19. JapB.K., WalianP.J. and GehringK. (1991) Nature, 350, 167–170.Google Scholar
  20. KetchemR.R., HuW. and CrossT.A. (1993) Science, 261, 1457–1460.Google Scholar
  21. Ketchem, R.R. (1995) Structural Determination and Refinement of the Gramicidin A Transmembrane Channel as Studied by Solid-State Nuclear Magnetic Resonance Spectroscopy, Ph.D. Thesis, The Florida State University, Tallahassee, FL.Google Scholar
  22. KetchemR.R., RouxB. and CrossT.A. (1996) In Membrane Structure and Dynamics (Eds, MerzK.M. and RouxB.), Birkhauser, Boston, MA, pp. 299–322.Google Scholar
  23. KuhlbrandtW., WangD. and FujiyoshiY. (1994) Nature, 367, 614–621.Google Scholar
  24. Lazo, N.D., Hu, W. and Cross, T.A. (1992) J. Chem. Soc. Ser. Chem. Commun., 1529–1531.Google Scholar
  25. LazoN.D., HuW., LeeK.C. and CrossT.A. (1993) Biochem. Biophys. Res. Commun., 197, 904–909.Google Scholar
  26. LazoN.D., HuW. and CrossT.A. (1995) J. Magn. Reson., B107, 43–50.Google Scholar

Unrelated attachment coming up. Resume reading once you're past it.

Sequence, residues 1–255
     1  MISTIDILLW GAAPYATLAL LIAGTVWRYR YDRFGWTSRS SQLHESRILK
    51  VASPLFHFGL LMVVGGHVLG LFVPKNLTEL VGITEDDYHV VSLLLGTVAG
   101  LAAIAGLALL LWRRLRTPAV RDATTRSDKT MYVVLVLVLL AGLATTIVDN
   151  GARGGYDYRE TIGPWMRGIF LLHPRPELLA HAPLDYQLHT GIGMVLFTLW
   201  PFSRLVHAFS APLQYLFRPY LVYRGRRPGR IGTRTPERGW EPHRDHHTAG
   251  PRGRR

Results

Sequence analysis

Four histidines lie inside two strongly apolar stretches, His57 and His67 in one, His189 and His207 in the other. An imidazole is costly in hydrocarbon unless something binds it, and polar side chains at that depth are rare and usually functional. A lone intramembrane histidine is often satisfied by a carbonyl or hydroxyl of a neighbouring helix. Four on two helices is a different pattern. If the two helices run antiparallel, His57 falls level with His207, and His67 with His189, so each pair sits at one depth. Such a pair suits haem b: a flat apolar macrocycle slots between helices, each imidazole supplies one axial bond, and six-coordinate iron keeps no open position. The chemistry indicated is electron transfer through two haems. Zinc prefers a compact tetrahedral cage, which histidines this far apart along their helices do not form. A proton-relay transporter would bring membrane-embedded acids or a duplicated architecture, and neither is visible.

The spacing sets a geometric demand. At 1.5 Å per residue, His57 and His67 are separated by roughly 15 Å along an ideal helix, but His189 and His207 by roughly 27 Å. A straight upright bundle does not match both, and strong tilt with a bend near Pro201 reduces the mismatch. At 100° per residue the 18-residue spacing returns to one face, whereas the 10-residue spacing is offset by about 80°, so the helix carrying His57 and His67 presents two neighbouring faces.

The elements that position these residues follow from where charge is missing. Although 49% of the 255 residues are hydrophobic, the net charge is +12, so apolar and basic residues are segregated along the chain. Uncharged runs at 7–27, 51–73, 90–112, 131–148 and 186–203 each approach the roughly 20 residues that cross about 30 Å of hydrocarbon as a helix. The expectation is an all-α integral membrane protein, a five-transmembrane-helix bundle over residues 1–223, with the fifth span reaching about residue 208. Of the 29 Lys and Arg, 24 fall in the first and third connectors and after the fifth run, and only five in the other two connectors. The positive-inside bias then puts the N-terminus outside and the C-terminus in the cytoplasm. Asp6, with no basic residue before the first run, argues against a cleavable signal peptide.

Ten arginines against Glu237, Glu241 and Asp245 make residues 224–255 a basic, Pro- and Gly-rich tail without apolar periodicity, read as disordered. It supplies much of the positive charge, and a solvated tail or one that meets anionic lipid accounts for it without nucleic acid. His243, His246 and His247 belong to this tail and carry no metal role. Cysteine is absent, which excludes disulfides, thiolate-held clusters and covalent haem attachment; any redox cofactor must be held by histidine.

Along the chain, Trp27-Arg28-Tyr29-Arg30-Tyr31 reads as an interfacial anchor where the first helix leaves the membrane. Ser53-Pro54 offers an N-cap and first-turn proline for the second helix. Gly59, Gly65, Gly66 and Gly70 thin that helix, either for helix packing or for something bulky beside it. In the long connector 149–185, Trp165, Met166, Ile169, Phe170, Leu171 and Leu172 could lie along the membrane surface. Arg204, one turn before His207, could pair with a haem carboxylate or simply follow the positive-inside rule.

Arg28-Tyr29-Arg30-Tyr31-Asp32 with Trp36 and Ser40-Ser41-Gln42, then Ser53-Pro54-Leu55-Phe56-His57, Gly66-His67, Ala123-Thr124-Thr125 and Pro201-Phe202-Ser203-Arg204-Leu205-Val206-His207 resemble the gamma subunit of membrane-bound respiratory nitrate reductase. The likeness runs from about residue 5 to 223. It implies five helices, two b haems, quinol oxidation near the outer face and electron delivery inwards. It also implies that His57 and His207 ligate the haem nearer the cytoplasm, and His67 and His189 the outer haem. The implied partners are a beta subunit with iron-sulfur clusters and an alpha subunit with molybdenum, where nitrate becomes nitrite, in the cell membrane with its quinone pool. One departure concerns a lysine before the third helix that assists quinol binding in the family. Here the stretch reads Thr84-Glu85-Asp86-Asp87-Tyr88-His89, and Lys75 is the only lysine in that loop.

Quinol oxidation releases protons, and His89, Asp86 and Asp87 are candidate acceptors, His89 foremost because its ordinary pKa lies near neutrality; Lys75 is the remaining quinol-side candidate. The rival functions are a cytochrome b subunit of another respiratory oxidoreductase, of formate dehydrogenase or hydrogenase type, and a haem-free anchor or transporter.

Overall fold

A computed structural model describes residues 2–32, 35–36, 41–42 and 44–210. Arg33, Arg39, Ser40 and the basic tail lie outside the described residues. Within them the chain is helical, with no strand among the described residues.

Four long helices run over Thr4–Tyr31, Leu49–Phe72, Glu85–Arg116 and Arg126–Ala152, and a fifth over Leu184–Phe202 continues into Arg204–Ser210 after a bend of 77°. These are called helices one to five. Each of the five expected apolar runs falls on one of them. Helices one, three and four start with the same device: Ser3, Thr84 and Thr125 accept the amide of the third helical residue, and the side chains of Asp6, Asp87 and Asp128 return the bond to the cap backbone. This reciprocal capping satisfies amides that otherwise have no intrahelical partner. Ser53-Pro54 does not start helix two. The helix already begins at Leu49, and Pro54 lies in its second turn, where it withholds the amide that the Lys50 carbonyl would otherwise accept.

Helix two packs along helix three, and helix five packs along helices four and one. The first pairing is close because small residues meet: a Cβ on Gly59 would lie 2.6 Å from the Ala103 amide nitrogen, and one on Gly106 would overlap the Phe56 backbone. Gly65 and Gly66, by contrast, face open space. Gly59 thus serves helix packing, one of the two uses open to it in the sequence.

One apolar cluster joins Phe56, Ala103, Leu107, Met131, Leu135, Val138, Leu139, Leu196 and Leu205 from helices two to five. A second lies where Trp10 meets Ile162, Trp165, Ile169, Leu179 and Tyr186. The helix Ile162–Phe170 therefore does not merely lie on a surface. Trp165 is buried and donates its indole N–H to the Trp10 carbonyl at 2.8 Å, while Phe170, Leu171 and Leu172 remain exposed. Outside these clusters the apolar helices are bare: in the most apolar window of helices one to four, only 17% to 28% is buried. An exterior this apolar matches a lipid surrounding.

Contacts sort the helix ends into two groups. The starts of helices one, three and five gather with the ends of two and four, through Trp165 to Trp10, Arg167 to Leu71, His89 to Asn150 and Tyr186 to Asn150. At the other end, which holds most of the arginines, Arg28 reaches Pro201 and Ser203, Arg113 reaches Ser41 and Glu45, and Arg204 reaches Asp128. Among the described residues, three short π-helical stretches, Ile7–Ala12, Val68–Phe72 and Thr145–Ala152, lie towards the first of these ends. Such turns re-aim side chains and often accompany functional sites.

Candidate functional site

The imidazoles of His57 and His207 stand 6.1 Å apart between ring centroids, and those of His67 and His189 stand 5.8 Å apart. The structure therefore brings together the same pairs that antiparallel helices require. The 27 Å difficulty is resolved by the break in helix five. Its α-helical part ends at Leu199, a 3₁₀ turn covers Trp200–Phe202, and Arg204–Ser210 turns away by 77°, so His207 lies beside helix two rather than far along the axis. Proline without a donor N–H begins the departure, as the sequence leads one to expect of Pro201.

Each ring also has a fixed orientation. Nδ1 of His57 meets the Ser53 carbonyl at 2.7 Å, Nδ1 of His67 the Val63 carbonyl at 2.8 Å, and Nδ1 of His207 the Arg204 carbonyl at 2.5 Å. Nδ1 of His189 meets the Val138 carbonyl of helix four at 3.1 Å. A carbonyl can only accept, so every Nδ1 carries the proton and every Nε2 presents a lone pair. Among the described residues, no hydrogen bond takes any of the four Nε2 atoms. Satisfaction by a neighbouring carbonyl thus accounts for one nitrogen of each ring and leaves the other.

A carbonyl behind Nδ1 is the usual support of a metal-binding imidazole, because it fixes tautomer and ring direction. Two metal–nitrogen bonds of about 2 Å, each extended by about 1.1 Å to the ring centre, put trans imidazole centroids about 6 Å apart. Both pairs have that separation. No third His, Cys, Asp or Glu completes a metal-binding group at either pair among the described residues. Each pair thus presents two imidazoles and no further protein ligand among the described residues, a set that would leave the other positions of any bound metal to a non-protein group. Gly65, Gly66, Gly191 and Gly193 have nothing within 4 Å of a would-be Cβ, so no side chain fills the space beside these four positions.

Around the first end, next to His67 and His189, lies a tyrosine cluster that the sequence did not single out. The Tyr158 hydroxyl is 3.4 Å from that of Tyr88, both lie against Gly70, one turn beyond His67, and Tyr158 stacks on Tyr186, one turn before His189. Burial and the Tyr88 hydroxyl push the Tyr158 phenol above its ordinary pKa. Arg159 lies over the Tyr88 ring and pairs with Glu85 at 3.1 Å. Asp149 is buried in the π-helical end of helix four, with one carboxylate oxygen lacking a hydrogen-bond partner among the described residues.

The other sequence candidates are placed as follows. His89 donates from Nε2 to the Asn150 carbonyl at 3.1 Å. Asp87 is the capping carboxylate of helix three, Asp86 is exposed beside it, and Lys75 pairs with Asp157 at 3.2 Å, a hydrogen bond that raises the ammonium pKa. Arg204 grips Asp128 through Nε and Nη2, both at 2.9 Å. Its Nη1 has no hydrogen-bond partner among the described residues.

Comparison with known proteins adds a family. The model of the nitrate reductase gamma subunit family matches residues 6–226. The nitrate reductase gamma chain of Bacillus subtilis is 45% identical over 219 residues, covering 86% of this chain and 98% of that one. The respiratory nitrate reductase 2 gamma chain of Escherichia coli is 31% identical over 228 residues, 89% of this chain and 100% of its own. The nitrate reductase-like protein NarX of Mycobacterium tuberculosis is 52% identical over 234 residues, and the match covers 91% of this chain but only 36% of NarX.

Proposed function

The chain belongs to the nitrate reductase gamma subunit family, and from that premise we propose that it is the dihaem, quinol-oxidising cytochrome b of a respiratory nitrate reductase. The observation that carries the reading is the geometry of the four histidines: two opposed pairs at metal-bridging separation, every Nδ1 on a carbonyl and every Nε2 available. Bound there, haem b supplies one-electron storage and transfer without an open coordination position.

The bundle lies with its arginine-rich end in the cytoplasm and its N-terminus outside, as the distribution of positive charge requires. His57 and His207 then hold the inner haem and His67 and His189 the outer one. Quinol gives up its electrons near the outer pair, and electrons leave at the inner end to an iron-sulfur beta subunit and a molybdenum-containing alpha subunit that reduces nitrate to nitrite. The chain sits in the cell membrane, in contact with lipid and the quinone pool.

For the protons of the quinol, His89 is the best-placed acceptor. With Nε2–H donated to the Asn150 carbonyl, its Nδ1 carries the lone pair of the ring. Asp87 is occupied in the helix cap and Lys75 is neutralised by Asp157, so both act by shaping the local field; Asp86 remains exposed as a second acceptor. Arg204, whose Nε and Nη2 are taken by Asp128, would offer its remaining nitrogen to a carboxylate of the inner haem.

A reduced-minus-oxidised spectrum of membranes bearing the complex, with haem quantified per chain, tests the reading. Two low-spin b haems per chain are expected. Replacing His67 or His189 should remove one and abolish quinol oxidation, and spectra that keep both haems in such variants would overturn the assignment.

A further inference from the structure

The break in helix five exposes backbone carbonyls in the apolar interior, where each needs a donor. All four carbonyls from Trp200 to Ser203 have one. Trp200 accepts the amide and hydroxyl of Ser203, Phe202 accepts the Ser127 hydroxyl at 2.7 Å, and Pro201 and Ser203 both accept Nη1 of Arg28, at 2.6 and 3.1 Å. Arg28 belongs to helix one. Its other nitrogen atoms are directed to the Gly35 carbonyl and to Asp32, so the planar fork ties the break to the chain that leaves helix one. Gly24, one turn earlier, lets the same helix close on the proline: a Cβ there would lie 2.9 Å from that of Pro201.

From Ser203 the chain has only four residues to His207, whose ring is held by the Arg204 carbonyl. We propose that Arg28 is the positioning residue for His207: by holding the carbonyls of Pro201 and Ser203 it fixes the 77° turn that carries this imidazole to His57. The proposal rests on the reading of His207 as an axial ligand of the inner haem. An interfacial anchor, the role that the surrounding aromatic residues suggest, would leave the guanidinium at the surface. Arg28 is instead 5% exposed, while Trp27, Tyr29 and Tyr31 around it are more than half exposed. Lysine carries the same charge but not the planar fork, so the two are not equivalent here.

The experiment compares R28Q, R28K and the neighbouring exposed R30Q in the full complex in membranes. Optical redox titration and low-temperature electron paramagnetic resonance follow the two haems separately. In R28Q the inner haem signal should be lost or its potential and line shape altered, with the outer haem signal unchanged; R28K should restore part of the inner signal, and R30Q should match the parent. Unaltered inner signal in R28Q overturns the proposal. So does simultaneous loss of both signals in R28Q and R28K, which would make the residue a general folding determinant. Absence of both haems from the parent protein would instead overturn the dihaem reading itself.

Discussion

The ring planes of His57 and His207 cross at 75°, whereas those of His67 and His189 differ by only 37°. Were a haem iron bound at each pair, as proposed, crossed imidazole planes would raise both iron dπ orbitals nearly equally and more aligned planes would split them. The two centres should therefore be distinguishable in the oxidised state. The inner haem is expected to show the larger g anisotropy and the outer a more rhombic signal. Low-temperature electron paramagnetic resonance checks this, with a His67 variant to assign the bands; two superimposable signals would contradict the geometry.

27. LeeK.C., HuW. and CrossT.A. (1993) Biophys. J., 65, 1162–1167.Google Scholar
  28. LeeK.C., HuoS. and CrossT.A. (1995) Biochemistry, 34, 857–867.Google Scholar
  29. MaiW., HuW., WangC. and CrossT.A. (1993) Protein Sci., 2, 532–542.Google Scholar
  30. McDonnellP.A., ShonK., KimY. and OpellaS.J. (1993) J. Mol. Biol., 233, 447–463.Google Scholar
  31. MichelH. and DeisenhoferJ. (1990) In Current Topics in Membranes and Transport, Vol. 36, Academic Press, New York, NY, pp. 53–69.Google Scholar
  32. MorelliM.A.C., PastoreA. and MottaA. (1992) J. Biomol. NMR, 2, 335.Google Scholar
  33. NorthC.L. and CrossT.A. (1993) J. Magn. Reson., B101, 35–43.Google Scholar